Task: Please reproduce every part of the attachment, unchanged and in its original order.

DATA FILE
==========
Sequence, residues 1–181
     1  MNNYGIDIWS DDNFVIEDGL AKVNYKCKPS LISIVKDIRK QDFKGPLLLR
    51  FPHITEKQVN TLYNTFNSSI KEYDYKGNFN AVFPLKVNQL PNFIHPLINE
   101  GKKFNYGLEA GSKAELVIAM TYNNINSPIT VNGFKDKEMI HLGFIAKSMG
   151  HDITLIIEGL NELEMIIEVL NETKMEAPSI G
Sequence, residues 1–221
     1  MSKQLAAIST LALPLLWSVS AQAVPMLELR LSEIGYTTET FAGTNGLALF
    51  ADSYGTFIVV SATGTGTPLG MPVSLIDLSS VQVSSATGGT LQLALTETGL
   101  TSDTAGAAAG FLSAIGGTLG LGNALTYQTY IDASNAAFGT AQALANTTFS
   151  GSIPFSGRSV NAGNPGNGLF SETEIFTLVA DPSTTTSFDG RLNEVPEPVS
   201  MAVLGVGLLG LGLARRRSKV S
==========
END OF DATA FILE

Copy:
Sequence, residues 1–181
     1  MNNYGIDIWS DDNFVIEDGL AKVNYKCKPS LISIVKDIRK QDFKGPLLLR
    51  FPHITEKQVN TLYNTFNSSI KEYDYKGNFN AVFPLKVNQL PNFIHPLINE
   101  GKKFNYGLEA GSKAELVIAM TYNNINSPIT VNGFKDKEMI HLGFIAKSMG
   151  HDITLIIEGL NELEMIIEVL NETKMEAPSI G
Sequence, residues 1–221
     1  MSKQLAAIST LALPLLWSVS AQAVPMLELR LSEIGYTTET FAGTNGLALF
    51  ADSYGTFIVV SATGTGTPLG MPVSLIDLSS VQVSSATGGT LQLALTETGL
   101  TSDTAGAAAG FLSAIGGTLG LGNALTYQTY IDASNAAFGT AQALANTTFS
   151  GSIPFSGRSV NAGNPGNGLF SETEIFTLVA DPSTTTSFDG RLNEVPEPVS
   201  MAVLGVGLLG LGLARRRSKV S